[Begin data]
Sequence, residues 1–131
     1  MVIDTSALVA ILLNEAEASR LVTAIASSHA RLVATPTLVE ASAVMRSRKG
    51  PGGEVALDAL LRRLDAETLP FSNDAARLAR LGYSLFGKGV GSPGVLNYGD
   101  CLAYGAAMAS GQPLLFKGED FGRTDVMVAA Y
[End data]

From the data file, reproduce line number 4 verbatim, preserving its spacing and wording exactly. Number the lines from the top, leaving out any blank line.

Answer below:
   101  CLAYGAAMAS GQPLLFKGED FGRTDVMVAA Y